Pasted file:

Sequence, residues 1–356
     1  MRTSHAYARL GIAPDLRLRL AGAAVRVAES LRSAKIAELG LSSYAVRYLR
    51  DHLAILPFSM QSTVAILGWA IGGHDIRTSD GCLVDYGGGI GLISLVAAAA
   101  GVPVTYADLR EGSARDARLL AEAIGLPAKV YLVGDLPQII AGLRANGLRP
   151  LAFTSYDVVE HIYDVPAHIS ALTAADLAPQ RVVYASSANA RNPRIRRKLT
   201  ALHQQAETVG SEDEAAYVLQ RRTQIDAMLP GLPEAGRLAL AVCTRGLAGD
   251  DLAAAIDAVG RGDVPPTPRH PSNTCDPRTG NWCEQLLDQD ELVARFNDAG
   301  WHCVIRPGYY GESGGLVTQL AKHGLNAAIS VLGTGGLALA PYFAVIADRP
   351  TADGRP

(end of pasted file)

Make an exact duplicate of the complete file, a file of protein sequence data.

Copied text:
Sequence, residues 1–356
     1  MRTSHAYARL GIAPDLRLRL AGAAVRVAES LRSAKIAELG LSSYAVRYLR
    51  DHLAILPFSM QSTVAILGWA IGGHDIRTSD GCLVDYGGGI GLISLVAAAA
   101  GVPVTYADLR EGSARDARLL AEAIGLPAKV YLVGDLPQII AGLRANGLRP
   151  LAFTSYDVVE HIYDVPAHIS ALTAADLAPQ RVVYASSANA RNPRIRRKLT
   201  ALHQQAETVG SEDEAAYVLQ RRTQIDAMLP GLPEAGRLAL AVCTRGLAGD
   251  DLAAAIDAVG RGDVPPTPRH PSNTCDPRTG NWCEQLLDQD ELVARFNDAG
   301  WHCVIRPGYY GESGGLVTQL AKHGLNAAIS VLGTGGLALA PYFAVIADRP
   351  TADGRP